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By Dana G. Smith

Smoking weed had always been a social activity for Julian. He first tried cannabis in high school, and as an adult he would smoke a couple of times a month with friends. But things changed after he moved to a new city where he didn’t know anyone. Julian (who asked not to use his last name when talking about a sensitive medical condition) didn’t have much of a social life, so he started smoking by himself to pass the time. “Weed became my friend,” he said. “I would get off work and I would smoke because I was bored.”

Soon, Julian’s life began to revolve around cannabis. Smoking never interfered with his work, but it stopped him from doing just about everything else. “Typically, when you move to a new city, you establish new relationships, and I was doing none of that,” he said. “I was living almost like a recluse.”

It was only through talking to a friend that Julian realized he might have a problem. He had “thought that it was impossible to become addicted” to weed. But when he looked up the definition of cannabis use disorder online, he realized that he met almost all of the criteria.

Despite the common misconception, people can become addicted to cannabis just as they can with other drugs, like alcohol or cocaine. As more states either decriminalize or legalize cannabis, more people are using it than ever before. According to the National Survey on Drug Use and Health, in 2021, approximately 19 percent of Americans 12 and older used cannabis, and nearly 6 percent of teens and adults qualified as having cannabis use disorder — the clinical name for addiction. (For comparison, close to 11 percent of Americans over the age of 11 have alcohol use disorder.)

“Most people who use cannabis do not have problems related to their use and are not going to develop a cannabis use disorder,” said Dr. Ayana Jordan, an associate professor of psychiatry at N.Y.U. Langone Health. But, she added, “just because cannabis is being legalized — and I actually think it should be legalized — it doesn’t mean that there is not any harm associated.”

The potential consequences of cannabis use disorder are not as severe as with other drugs like opiates, where overdose deaths are a dire concern. But cannabis addiction can cause “a dramatic decrease in quality of life,” said Dr. Christina Brezing, an assistant professor of psychiatry at Columbia University. Here’s what to know.

The American Psychiatric Association’s Diagnostic and Statistical Manual of Mental Disorders, Fifth Edition, defines cannabis use disorder using 11 criteria that loosely fall into four symptom buckets (the same diagnostic criteria apply for all substance use disorders). If you meet at least two of the below criteria, you qualify as having a use disorder:

There are a few risk factors that can increase someone’s likelihood of developing cannabis use disorder. One is starting to use the drug as a teen.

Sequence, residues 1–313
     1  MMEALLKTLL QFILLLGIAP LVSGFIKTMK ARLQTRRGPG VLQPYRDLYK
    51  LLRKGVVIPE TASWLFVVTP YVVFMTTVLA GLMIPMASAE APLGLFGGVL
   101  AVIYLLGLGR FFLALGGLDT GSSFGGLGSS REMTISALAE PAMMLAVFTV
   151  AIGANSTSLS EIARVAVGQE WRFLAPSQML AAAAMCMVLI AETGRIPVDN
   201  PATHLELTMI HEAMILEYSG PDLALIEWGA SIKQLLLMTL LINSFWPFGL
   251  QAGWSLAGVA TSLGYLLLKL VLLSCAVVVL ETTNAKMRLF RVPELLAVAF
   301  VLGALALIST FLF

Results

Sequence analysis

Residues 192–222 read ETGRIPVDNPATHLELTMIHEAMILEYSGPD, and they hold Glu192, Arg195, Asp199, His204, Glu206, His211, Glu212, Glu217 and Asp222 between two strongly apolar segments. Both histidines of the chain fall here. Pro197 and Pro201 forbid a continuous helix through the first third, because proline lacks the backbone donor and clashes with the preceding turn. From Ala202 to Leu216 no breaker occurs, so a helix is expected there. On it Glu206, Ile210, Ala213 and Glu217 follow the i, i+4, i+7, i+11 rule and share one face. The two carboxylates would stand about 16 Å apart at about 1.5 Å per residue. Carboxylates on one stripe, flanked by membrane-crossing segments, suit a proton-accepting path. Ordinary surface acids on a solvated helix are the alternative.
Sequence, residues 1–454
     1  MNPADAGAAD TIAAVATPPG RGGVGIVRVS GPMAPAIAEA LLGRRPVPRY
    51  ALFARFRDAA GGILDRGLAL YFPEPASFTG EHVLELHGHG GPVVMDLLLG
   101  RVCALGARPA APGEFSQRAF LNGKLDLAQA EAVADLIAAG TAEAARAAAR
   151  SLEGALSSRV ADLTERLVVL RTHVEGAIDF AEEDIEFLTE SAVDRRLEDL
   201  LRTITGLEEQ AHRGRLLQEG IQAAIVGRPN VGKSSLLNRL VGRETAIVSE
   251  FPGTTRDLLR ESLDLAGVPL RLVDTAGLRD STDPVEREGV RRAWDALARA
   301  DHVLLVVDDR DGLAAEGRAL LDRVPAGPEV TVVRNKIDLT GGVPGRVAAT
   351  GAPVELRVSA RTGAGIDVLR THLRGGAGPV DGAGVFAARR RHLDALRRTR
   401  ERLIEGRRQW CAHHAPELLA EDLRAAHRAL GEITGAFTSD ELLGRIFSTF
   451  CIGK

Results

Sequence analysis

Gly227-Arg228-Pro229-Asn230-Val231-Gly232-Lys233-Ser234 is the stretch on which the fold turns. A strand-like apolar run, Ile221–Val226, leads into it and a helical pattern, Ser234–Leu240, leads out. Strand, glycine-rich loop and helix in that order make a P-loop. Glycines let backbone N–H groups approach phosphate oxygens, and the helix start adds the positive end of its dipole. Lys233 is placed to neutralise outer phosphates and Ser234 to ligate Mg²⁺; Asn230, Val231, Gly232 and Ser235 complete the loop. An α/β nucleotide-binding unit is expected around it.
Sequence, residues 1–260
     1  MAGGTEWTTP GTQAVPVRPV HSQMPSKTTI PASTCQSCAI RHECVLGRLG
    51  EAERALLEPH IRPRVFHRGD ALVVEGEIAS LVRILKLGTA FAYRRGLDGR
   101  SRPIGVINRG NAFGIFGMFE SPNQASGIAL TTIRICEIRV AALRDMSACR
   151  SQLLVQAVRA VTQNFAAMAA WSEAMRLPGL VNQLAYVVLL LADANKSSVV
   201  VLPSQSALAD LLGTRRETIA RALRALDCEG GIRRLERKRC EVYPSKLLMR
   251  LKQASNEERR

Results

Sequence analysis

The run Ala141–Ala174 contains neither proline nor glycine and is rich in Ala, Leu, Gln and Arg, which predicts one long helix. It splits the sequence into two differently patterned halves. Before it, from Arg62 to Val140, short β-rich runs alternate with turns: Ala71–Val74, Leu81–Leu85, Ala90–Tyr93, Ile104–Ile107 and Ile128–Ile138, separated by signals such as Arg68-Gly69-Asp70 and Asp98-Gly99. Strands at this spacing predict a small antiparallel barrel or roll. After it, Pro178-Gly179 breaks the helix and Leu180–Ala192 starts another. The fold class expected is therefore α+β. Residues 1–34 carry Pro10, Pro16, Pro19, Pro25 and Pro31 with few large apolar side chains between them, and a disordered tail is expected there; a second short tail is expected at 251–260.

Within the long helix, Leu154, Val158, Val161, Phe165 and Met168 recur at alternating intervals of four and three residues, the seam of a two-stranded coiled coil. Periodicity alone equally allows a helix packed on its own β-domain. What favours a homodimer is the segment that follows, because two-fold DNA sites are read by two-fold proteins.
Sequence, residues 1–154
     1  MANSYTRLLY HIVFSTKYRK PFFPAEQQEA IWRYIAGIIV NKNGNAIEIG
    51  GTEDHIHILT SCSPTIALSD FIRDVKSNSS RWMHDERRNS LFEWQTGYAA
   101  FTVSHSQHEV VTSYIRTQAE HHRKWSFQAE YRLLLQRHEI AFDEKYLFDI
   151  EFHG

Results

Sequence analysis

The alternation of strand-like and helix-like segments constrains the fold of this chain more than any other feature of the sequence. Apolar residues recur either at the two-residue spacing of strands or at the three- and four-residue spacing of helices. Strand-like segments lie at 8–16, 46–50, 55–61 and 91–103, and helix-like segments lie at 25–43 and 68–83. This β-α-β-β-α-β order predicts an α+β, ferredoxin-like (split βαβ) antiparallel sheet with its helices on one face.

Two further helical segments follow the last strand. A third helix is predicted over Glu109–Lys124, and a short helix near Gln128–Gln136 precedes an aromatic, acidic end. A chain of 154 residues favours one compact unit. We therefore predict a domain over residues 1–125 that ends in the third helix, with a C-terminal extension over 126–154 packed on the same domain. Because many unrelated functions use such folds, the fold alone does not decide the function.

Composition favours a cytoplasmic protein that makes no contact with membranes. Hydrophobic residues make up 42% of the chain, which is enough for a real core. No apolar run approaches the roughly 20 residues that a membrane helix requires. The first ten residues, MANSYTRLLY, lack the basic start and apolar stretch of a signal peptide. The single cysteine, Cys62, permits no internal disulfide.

“Cannabis use disorder occurs in all age groups, but it’s primarily a disease of young adults,” said Dr. David Gorelick, a professor of psychiatry at the University of Maryland School of Medicine. “And there is evidence that the younger the age at which you start cannabis use, the faster you’ll develop cannabis use disorder and the more severe the disorder will be.”

Having another psychiatric diagnosis, such as anxiety, depression, post-traumatic stress disorder or attention deficit hyperactivity disorder, is also associated with an increased risk. One possible reason for the overlap is that some people self-medicate with cannabis, and the heavier a person’s use, the more likely they are to develop physical dependence.

“I would say if you’re smoking daily and in larger amounts, it’s going to be hard not to develop tolerance and withdrawal,” Dr. Brezing said. “But it’s possible not to have a cannabis use disorder and to use daily.”

There are no medications approved to treat cannabis use disorder, but addiction psychiatrists will sometimes prescribe medications that can help alleviate withdrawal symptoms, including a lack of appetite and insomnia.

Most interventions for cannabis use disorder involve different types of therapy, such as motivational enhancement therapy and cognitive behavioral therapy. These are aimed at helping people develop coping strategies to deal with cravings or a desire to use.

“You try and deal with triggers,” Dr. Jordan said. “You try to really figure out what is the motivation for you to stop using altogether and really strengthen those motivations.”

Therapy can also be helpful for people dealing with underlying psychiatric issues that might be prompting their use.

That was the case for Julian. After realizing he had a problem, he started seeing a therapist, who diagnosed him with anxiety and helped him manage his feelings in healthier ways.

Julian now smokes weed very rarely — only once every few months if an old friend is around. He doesn’t miss it, he said. “The clarity that I have now makes me realize that I wasn’t really paying attention to life around me before.”